Inherited syndrome that is similar to Bartter syndrome,
but with normal juxtaglomerular apparatus and abnormalities in the proximal renal
Familial Hypokalemic Alkalosis with Specific Renal
First described by H.G. Gullner in 1979.
Less than 10 cases have been described.
Unknown. Hypokalemia is corrected by magnesium
repletion, suggesting an interrelationship of magnesium and potassium
Clinically evocated by signs of hypokalemia and
confirmed by biologic studies.
Fatigue and muscle cramps are the main features;
they are associated with nausea and intermittent vomiting. Laboratory
findings include hypokalemic alkalosis, abnormal magnesium metabolism,
resistance of blood vessels to angiotensin II, sodium wasting by proximal
tubular defect, elevated plasma renin, and elevated
prostaglandin E2 levels.
Evaluate hypokalemia and hydration
(clinical, electrolytes, creatinine and urea serum levels).
Hypokalemia and dehydration should be
corrected before anesthesia is performed. Central venous catheterization may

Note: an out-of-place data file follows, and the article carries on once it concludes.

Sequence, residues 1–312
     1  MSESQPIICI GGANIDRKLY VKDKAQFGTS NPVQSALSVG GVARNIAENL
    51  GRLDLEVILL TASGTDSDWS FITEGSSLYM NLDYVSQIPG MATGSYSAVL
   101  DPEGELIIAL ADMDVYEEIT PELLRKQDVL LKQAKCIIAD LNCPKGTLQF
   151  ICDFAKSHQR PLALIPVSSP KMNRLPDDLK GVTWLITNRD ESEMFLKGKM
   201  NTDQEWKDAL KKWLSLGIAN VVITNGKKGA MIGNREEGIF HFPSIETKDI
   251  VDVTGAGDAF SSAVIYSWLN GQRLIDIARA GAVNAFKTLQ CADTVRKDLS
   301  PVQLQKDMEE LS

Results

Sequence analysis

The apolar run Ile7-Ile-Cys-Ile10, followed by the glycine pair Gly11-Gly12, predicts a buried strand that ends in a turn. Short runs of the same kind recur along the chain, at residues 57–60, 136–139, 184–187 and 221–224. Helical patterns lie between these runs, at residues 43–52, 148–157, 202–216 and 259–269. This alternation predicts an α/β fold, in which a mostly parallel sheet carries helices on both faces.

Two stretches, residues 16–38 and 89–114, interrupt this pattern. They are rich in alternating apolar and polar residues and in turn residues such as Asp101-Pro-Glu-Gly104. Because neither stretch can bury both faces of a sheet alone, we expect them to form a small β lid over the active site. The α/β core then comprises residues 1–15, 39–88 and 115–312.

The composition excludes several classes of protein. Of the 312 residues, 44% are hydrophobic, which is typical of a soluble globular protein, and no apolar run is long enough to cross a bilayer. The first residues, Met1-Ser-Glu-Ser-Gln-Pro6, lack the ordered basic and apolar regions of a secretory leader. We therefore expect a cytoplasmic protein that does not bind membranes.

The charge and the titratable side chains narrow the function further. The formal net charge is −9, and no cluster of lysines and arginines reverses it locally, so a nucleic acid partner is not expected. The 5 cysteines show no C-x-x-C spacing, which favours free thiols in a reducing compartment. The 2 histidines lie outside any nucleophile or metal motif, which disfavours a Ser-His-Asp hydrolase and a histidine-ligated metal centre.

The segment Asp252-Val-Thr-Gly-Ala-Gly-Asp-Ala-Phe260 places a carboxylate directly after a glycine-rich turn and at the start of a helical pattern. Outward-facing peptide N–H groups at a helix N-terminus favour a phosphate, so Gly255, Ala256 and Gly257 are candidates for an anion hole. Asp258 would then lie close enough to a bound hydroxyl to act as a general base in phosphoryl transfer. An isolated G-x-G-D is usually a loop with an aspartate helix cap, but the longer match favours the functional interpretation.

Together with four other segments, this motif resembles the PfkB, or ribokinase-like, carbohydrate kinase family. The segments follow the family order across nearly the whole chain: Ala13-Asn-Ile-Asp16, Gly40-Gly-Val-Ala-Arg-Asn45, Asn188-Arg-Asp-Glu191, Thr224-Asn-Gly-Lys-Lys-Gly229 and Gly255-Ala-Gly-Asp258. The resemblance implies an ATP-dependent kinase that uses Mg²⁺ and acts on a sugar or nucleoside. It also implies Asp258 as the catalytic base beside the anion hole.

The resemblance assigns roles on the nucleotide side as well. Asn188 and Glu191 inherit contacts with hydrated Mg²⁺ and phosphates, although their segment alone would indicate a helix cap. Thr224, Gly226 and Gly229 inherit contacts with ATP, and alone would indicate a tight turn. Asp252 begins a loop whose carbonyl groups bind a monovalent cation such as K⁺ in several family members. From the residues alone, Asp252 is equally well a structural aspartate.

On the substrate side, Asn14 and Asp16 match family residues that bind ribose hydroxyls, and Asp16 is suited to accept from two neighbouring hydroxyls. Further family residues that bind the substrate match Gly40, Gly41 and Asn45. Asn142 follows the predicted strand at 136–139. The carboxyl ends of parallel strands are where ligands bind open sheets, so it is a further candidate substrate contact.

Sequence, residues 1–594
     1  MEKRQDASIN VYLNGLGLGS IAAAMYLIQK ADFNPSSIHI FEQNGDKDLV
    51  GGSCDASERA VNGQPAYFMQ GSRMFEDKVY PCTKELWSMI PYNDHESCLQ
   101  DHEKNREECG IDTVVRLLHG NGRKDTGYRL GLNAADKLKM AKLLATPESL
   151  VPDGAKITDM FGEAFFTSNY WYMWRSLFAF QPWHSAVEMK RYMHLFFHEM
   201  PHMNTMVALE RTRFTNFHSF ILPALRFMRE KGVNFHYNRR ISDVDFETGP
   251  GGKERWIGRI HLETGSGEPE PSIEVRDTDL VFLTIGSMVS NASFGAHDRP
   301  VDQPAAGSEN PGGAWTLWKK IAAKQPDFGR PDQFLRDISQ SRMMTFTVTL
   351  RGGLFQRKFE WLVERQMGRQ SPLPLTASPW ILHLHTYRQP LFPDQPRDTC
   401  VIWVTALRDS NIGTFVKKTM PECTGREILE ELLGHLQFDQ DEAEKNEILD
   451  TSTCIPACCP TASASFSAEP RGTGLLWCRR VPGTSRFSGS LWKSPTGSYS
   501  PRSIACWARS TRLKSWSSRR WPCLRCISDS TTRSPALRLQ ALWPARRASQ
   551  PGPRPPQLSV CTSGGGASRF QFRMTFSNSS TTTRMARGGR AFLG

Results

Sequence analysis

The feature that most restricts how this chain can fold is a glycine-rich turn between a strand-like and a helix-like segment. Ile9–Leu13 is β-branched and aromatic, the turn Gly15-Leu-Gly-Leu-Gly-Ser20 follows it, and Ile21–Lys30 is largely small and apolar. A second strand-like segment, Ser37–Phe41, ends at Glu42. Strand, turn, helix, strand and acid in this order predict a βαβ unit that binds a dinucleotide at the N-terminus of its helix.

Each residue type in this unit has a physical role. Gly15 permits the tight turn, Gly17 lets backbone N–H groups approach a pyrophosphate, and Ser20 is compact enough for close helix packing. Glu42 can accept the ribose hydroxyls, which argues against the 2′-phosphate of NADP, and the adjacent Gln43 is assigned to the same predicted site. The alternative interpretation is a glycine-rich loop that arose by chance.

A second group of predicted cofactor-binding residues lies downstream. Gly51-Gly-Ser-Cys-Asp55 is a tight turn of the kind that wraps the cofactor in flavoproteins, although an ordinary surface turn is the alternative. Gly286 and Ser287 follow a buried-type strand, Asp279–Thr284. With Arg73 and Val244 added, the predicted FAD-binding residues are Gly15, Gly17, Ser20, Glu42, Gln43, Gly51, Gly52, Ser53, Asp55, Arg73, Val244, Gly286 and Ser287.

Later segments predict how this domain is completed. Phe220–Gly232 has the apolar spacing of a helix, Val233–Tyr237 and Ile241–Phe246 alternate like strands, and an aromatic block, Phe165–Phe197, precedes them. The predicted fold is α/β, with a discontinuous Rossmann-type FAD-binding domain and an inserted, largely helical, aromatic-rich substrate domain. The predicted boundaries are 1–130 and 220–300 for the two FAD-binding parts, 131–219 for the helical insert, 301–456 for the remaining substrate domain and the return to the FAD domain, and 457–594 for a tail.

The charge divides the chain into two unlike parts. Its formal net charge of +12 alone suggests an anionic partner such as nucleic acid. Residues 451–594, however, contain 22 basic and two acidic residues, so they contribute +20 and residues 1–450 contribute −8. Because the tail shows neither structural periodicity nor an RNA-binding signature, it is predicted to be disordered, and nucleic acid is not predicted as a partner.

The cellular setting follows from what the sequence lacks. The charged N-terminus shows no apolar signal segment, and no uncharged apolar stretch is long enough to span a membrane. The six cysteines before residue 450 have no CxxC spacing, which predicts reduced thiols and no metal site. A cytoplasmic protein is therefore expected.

lead to cardiac rhythm disorder by direct endocavitary stimulation. Avoid advancement
of the guidewire into the heart during central venous catheter insertion since endocavitary mechanical stimulation of the heart
may easily trigger cardiac arrhythmias in these patients. Close perioperative monitoring of heart rhythm and hemodynamics is recommended.
Care with use of bicarbonate,
insulin, β2-agonists or other drugs that could lower potassium serum levels. Try to avoid drugs that primarily rely on renal function for elimination or dose appropriately.
Bartter Syndrome: Characterized by failure to thrive, growth
deficiency, dwarfism, muscle weakness and cramps, and hypokalemia as a result of
a renal potassium wasting syndrome. Mental retardation has been observed in
some patients. An acid-base imbalance associated with hypokalemic alkalosis
is pathognomonic of the condition. Low potassium levels may result from
hyperaldosteronism. The exact cause is not known, but inheritance as an
autosomal recessive trait has been suggested.
Gitelman Syndrome: Inherited renal tubular defect resulting in
urinary loss of magnesium, sodium, potassium, and chloride with otherwise
Gullner HG, Gill JR Jr, Bartter FC, et al: A familial disorder with
hypokalemic alkalosis, hyperreninemia, aldosteronism, high urinary
prostaglandins and normal pressure that is not Bartter's syndrome. Trans Assoc Am Physicians
Gullner HG, Tiwari JL, Terasaki PI, et al: Genetic linkage between
histocompatibility antigens (HLA) and a new syndrome of familial
hypokalemia. IRCS Med Sci 8:369, 1980.